• Part C: Up to 12 participants (male and female with MDD), 27 daily doses of PRAX-114 up to 120 mg once every day (27 days outpatient).

This study is open label which means that you will know which dose of study drug you are receiving, and the researchers will know as well. Part B will last about 6 weeks with a total of up to 6 visits. Part C will last about 8 weeks with a total of up to 8 visits. 

Project status

We are currently recruiting for both Part B and Part C.

For more information, please contact our team via email participate.maprc@monash.edu , or call 03 9076 6564.

 

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Evaluation of the Antidepressant Effects of Nitrous Oxide in People with Major Depressive Disorder

 

Evaluation of the Antidepressant Effects of Nitrous Oxide in People with Major Depressive Disorder


Background:

Major depressive disorder (MDD) is a very common disease, with a lifetime prevalence of 15% and an annual incidence of about 7%. Nearly one-third of patients with MDD are severely depressed. MDD is associated with a two-fold increased risk of death compared with non-depressed individuals and is predicted to be the leading cause of disability in Western countries by 2030.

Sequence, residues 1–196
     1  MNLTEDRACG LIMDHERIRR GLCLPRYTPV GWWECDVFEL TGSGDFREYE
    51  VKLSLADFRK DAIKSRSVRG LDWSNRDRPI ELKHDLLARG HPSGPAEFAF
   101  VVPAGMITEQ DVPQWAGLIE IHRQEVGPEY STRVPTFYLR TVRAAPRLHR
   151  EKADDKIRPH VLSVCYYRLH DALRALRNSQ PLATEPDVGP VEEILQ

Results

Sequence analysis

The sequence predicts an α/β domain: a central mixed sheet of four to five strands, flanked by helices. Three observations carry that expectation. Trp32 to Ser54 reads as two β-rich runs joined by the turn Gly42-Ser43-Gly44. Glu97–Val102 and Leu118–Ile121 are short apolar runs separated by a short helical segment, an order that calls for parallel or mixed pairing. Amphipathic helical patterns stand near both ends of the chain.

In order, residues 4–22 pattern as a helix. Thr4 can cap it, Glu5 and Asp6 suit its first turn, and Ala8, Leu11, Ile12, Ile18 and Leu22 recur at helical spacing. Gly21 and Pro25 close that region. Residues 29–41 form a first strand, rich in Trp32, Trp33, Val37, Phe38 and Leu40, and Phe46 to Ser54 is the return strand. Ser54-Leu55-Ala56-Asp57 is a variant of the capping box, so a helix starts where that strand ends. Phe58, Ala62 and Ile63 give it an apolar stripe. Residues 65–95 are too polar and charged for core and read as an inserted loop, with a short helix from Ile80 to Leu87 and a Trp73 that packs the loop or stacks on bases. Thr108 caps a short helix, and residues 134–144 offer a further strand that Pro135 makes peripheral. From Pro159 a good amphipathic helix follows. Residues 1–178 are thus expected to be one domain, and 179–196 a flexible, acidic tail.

Although there is no definitive definition of treatment-resistant depression (TRD), an evolving consensus is failure to respond to a series of two adequate dose-duration antidepressant treatments. TRD is common, occurring in up to one-third of MDD patients, and is associated with a sense of ingrained hopelessness, high suicide risk, physical health decline, impairment in work, social and family life, and increased health care utilisation.


In collaboration with the Department of Anaesthesia at the Alfred Hospital, we are conducting a randomised trial to evaluate the antidepressant effects of nitrous oxide in people with major depressive disorder. This project will further evaluate these effects and identify the optimal dose and regimen to guide current practice, and to plan a future large pragmatic trial.


Aim:


Primary Aim: To determine whether a series of 4 x 60 min treatment sessions of inhaled nitrous oxide (once per week) has significant antidepressant activity.